Mike Hammer's 3 Elements of Business Success
1. Capable (not brilliant) people
2. Innovative processes
3. A culture of passion
The idea of Talent is easily misused by giving it too narrow an application.
The most talented engineer will be outclassed by a less technically talented peer if the engineering job they are working on requires a talent for interacting with customers which the latter has and the former doesn't.
IBM proved this in the 1960s and 1970s. Other computer companies had more brilliant people, but IBM had superior processes and people with the right talents and styles to execute them. The result was decades of market dominance.
In football you have plays. In business you have process, the plan of action.
If you do everything in the same way as your competitors, how can you beat them?
You need to be as creative in your process as you are in your products and marketing.
Progressive Casualty Insurance Co. zoomed from nowhere to being the 4th-largest auto insurer in the US by constantly inventing new ways of underwriting, handling claims, and quoting rates.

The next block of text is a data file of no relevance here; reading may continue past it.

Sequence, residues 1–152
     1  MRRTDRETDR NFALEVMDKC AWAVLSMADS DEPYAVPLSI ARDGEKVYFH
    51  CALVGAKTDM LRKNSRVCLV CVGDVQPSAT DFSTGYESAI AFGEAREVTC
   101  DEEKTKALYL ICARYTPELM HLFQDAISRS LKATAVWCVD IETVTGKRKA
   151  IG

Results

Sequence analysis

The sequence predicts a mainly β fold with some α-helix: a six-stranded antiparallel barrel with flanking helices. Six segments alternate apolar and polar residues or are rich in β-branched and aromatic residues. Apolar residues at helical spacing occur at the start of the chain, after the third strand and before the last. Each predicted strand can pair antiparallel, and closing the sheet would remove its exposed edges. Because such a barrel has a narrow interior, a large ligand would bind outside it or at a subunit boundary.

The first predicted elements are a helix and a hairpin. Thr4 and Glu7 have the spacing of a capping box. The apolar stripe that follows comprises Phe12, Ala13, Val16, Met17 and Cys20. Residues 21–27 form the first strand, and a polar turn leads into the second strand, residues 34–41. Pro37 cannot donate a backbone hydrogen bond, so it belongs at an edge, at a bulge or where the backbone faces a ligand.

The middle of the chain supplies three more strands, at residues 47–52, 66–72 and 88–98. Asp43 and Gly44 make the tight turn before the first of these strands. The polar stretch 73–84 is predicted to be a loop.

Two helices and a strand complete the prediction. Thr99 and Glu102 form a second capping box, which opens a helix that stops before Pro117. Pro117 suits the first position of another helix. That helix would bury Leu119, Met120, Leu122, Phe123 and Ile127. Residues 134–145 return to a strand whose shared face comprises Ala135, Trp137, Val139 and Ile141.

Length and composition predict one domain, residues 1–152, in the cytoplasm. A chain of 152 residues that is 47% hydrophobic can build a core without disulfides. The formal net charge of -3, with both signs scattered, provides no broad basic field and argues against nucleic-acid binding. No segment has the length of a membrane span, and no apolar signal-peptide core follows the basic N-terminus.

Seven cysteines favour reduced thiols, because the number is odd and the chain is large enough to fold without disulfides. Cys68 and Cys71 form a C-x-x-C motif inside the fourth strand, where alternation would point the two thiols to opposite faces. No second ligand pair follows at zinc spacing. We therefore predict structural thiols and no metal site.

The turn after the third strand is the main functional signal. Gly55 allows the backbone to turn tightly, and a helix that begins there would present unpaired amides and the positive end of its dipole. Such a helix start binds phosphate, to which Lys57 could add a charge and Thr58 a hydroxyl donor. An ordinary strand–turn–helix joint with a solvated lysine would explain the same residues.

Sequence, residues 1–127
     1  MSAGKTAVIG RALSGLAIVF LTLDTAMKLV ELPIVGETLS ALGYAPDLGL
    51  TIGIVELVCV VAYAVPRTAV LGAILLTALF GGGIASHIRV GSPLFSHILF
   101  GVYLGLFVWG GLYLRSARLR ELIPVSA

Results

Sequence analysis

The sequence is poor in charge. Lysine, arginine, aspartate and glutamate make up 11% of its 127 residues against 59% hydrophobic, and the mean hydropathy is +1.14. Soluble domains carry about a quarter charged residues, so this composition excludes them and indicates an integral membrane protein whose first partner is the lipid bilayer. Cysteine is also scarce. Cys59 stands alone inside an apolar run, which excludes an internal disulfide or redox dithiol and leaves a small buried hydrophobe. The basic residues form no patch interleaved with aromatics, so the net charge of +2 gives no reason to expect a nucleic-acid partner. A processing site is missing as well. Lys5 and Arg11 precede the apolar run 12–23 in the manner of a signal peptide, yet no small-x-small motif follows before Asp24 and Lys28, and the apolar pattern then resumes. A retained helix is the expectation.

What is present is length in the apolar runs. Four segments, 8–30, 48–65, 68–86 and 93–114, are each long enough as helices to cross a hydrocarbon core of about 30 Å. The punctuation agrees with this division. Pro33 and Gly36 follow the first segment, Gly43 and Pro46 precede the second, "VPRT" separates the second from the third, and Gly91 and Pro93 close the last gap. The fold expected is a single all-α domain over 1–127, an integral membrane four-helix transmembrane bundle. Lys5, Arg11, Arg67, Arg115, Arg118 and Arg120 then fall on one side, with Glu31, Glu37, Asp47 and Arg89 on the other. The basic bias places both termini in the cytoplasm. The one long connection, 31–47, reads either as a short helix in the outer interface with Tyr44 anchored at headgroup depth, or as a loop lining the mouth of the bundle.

But, new ways of working are not invented on the fly by people in the trenches. You need to put real effort and resources into creating great processes and making sure that your people know and follow them.
Culture Counts A Lot
Even the best people working with best processes will not deliver results unless they really want to. And, they won't want to unless they are imbued with passion. And it is leadership’s role to create that passion.
You create passion by rewarding people who exhibit what you are looking for (and punishing those who don't), by embodying these values yourself, and by endless, repetitive, relentless communication with everyone in the organization.
People, Process, Passion.
The last one brings to mind crowds waving little red books and must be the toughest to achieve beyond fairly circumscribed limits. More about that later.